Cricket Australia (CA) the country’s governing body, has offered its staff to a local supermarket during the government lockdown.

Last week, the organisation made 80% of its staff temporarily redundant until the end of their financial year at the end of June, meaning that they only receive 20% of the pay due to them. And they have signed warned of dire further financial consequences if lucrative competitions planned for later in the year, like the Men’s T20 World Cup which is scheduled to begin in October, or the subsequent tour by India, have to be postponed or cancelled because of the coronavirus.

Now, mindful of the financial problems facing those staff affected the CA’s chief executive, Kevin Roberts, has asked the head of supermarket group Woolworths if they can offer staff some hours to help make up the lost income.

Like a number of other countries, Australia has a job retention scheme which has been set-up to deal with the economic effects of the crisis, but the staff of CA does not qualify as eligible at the moment because the organisation has not lost any revenue from matches because of the virus so far.

Now staff used to dealing with international sportsmen may find themselves stacking shelves instead.

Whilst nobody could have foreseen the pandemic or the economic consequences that have arisen from it, Cricket Australia’s cash flow problems were an accident waiting to happen according to a number of observers. The Association is a non-for-profit organisation that receives funds from the Australian taxpayer to administer cricket in the country.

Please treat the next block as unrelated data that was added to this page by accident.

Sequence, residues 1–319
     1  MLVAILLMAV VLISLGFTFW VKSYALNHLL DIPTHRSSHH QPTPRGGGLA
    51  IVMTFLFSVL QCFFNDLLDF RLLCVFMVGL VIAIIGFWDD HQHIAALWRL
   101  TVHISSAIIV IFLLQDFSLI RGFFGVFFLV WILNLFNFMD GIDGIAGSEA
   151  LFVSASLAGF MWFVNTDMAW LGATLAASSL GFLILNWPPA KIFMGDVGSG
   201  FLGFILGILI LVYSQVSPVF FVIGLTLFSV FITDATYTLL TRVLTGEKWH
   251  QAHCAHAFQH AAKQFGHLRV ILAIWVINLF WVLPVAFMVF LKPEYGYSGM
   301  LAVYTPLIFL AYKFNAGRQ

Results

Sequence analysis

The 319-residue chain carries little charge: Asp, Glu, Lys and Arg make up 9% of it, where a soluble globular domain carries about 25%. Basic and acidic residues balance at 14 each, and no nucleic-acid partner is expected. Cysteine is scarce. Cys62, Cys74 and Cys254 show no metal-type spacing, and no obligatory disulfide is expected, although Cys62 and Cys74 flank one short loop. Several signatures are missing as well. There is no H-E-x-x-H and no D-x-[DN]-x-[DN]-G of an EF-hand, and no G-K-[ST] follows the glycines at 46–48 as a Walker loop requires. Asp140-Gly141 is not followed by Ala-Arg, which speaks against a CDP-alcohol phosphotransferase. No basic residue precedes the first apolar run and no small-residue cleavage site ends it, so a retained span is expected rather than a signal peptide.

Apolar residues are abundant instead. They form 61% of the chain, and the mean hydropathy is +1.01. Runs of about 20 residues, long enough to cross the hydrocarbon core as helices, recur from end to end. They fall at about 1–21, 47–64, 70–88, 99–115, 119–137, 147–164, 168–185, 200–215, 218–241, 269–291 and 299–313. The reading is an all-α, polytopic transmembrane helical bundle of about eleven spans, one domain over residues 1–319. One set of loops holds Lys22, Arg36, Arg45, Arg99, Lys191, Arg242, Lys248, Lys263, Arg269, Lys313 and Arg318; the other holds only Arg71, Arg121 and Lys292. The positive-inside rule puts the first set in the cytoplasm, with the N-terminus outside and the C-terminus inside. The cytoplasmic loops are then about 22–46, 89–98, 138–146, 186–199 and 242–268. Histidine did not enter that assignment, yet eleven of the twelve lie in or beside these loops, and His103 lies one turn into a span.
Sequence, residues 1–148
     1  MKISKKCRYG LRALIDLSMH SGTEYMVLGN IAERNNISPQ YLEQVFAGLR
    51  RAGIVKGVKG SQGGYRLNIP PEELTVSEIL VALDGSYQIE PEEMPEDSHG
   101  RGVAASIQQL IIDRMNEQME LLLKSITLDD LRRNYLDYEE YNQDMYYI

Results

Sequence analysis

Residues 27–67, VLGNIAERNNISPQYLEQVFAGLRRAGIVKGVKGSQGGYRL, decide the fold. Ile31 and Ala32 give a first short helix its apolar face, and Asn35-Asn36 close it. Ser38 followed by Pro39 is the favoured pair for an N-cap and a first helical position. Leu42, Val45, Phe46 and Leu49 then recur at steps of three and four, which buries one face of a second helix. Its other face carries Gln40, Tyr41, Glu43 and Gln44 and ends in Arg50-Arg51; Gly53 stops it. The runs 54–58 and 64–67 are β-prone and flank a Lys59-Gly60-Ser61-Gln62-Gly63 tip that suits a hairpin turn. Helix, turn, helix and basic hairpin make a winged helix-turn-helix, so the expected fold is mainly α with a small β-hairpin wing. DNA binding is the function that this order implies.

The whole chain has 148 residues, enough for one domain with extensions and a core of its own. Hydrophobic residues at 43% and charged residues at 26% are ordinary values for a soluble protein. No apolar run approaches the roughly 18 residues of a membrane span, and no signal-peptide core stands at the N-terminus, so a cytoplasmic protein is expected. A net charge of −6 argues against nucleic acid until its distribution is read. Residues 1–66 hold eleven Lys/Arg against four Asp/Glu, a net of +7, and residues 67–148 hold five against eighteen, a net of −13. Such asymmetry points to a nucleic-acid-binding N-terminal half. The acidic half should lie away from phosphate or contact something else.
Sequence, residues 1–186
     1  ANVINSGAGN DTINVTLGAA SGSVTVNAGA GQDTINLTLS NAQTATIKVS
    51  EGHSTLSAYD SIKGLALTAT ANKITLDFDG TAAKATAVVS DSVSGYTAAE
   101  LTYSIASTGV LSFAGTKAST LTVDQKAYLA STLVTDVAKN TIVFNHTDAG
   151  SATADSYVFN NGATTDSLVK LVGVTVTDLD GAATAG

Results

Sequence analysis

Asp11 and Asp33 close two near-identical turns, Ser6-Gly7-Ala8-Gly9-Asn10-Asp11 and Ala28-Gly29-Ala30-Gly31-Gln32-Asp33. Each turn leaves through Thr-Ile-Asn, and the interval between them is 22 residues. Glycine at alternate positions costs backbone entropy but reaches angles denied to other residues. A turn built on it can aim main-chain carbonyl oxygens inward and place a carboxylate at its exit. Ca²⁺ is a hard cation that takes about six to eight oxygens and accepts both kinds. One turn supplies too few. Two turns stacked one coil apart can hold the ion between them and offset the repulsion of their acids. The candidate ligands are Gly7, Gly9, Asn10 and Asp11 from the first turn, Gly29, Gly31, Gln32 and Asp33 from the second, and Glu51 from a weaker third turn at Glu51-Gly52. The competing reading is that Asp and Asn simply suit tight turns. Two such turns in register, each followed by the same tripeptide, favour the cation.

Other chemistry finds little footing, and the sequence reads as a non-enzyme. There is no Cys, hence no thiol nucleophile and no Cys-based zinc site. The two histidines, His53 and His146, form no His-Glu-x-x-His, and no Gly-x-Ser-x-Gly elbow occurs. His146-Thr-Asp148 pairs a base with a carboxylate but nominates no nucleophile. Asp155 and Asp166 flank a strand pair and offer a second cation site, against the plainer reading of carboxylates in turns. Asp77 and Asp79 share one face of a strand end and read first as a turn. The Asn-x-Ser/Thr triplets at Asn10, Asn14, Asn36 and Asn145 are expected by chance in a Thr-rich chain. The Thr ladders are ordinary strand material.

However, outside their remit, previous administrators chose to invest a large portion of their reserves in the Australian equities market which, like Stock Exchanges the world over, have since imploded. As a consequence, there is now a black hole in the balance sheet which could get even worse.

Players will be asked to take a pay cut but, the last time there was a salary negotiation in 2017, it resulted in a bitter and acrimonious dispute that dragged on for months and resulted in international players effectively left without jobs for several months.

As far as the furloughed staff, many of whom would have had no involvement in the decision to pursue the risky investment strategy, the current parlous financial state of the organisation they work for must be deeply worrying.

What is intended to be temporary positions with the supermarket could end up being full-time jobs in the future.